Fly agaric mushrooms may look cute, but can be dangerous. (Pixabay)

‘Cartoony’ mushrooms popping up across Vancouver Island are poisonous

Fly Agaric mushrooms can cause hallucinations and gastrointestinal pain

An influx of cute and familiar mushrooms on Vancouver Island comes with a warning.

Fly Agaric mushrooms, also known as Amanita muscaria are the classic red toadstool with white warts seen in cartoons. The species grows in borreal forests during the fall across Canada and the United States, and are very common, but very poisonous.

“The Amanita family contains some of the most deadly mushrooms we know of,” said Brian Starzomski, director of the School of Environmental Studies at the University of Victoria. Starzomski added some of the Fly Agaric’s relatives include Amanita phalloides, better known as the Death Cap mushroom, and Aminita ocreata, the Destroying Angel.

READ MORE: Island Health issues warning after death cap mushrooms found in Greater Victoria

While Fly Agarics aren’t always deadly, they can have devastating affects on people and pets, including hallucinations, sleepiness and severe gastrointestinal problems.

Surprisingly, unlike on TV the white warts on the mushrooms are not attached and can move around if prompted, which can be especially dangerous after a heavy rain could wash them off.

ALSO READ: Second puppy killed by poisonous mushrooms in Victoria

“Another edible species looks quite similar, especially when the warts are gone,” he said.

If seen, Starzomski said to avoid removing them unless they’re a direct danger to your pet or child, as they have a short life cycle and are an important part of the ecosystem.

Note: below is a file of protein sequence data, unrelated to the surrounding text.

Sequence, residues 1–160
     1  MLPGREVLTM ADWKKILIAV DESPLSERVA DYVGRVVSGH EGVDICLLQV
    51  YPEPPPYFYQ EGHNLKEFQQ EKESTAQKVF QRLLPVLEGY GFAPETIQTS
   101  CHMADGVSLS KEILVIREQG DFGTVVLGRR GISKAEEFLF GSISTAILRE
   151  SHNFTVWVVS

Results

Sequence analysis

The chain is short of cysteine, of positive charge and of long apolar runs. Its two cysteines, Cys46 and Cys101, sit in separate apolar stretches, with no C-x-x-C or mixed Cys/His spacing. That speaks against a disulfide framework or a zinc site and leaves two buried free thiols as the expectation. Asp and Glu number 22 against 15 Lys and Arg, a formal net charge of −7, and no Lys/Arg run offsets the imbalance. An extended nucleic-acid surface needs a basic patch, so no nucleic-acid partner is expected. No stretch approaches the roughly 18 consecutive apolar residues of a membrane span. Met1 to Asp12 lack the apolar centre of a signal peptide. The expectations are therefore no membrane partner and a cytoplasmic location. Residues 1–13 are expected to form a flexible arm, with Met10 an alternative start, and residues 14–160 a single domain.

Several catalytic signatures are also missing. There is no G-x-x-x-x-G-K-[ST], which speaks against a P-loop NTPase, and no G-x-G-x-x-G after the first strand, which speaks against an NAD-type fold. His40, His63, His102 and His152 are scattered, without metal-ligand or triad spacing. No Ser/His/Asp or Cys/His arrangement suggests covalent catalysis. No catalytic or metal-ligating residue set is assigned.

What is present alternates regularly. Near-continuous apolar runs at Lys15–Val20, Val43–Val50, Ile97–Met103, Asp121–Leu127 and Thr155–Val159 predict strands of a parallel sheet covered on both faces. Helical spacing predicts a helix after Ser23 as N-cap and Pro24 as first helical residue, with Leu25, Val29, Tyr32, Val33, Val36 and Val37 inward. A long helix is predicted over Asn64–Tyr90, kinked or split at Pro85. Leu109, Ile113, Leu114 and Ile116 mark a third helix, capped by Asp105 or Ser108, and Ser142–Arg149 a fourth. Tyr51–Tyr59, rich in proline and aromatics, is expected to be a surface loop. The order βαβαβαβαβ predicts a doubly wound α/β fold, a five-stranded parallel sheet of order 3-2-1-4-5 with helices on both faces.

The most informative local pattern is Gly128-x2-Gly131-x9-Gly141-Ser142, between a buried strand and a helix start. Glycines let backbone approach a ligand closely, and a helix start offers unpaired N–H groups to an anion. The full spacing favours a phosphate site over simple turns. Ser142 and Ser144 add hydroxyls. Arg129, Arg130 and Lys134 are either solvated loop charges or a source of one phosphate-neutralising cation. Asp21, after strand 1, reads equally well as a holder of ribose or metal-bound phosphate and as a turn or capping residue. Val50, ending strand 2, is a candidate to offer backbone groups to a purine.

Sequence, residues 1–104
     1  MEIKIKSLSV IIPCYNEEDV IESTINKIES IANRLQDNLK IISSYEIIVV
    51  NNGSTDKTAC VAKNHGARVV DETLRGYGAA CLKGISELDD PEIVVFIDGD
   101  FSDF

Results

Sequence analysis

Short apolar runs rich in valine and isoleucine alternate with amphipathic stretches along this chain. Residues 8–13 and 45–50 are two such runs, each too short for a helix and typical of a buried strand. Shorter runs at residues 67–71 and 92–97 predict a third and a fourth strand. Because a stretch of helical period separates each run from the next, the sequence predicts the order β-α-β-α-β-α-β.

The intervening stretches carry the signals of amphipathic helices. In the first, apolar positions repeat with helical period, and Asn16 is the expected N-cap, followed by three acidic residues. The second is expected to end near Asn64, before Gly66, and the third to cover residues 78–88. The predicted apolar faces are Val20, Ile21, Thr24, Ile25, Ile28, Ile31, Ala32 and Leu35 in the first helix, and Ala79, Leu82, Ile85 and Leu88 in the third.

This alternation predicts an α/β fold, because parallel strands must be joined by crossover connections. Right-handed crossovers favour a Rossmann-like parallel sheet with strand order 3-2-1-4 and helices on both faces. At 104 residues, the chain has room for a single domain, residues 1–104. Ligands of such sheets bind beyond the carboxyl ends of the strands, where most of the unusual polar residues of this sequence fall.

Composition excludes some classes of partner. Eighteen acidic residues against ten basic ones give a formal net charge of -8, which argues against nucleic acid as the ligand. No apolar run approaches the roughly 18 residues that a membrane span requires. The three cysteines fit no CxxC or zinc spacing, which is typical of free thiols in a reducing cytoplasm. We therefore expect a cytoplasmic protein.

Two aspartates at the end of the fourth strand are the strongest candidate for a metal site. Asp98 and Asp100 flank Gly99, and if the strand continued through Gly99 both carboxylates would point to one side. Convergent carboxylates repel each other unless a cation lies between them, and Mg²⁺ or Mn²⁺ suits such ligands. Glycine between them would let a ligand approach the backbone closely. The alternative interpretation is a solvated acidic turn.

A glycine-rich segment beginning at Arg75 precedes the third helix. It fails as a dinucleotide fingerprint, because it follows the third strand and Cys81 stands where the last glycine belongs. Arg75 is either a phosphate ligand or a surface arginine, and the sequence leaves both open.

Most importantly of all, he said, if you don’t know what a mushroom is, don’t touch it.

“There are so many species of mushrooms, and many of them are poisonous,” he said. “Always ask an expert when you’re not 100 per cent sure.”

nicole.crescenzi@vicnews.com

Like us on Facebook Send a Tweet to @NicoleCrescenzi
and follow us on Instagram

Get local stories you won't find anywhere else right to your inbox.
Sign up here

Comments are closed

Just Posted

Interior Health will not expand Police and Crisis Team

Southeast Division Chief Superintendent Brad Haugli asked IH to expand the program

Cranbrook receives $4M in federal infrastructure funding

Cranbrook is receiving $4.1 million from the federal government through an infrastructure… Continue reading

Fort Steele reopening with reduced capacity, services

Heritage town reopening to visitors after closing doors due to COVID-19 concerns

Work set to begin on passing lane near Jaffray

The province says work will soon begin on a westbound passing lane… Continue reading

Cranbrook Public Library to reopen with limited capacity, restrictions

The Cranbrook Public Library is reopening to the public, following a closure… Continue reading

13 new B.C. COVID-19 cases, Langley Lodge outbreak ends

Health care outbreaks down to four, 162 cases active

Alberta health minister orders review into response after noose found in hospital in 2016

A piece of rope tied into a noose was found taped to the door of an operating room at the Grande Prairie Hospital in 2016

B.C.’s major rivers surge, sparking flood warnings

A persistent low pressure system over Alberta has led to several days of heavy rain

B.C.’s Indigenous rights law faces 2020 implementation deadline

Pipeline projects carry on as B.C. works on UN goals

Nelson cyclist run over by truck

Driver ticketed for failing to yield right of way on left turn

‘Mind boggling’: B.C. man $1 million richer after winning Lotto 6/49 a second time

David O’Brien hopes to use his winnings to travel and of course keep playing the lottery

B.C. teacher loses licence after sexual relationships with two recently-graduated students

The teacher won’t be allowed to apply for a teaching certificate until 2035

Lower Mainland teacher facing child pornography charges

Elazar Reshef, 52, has worked in the Delta School District

Most Read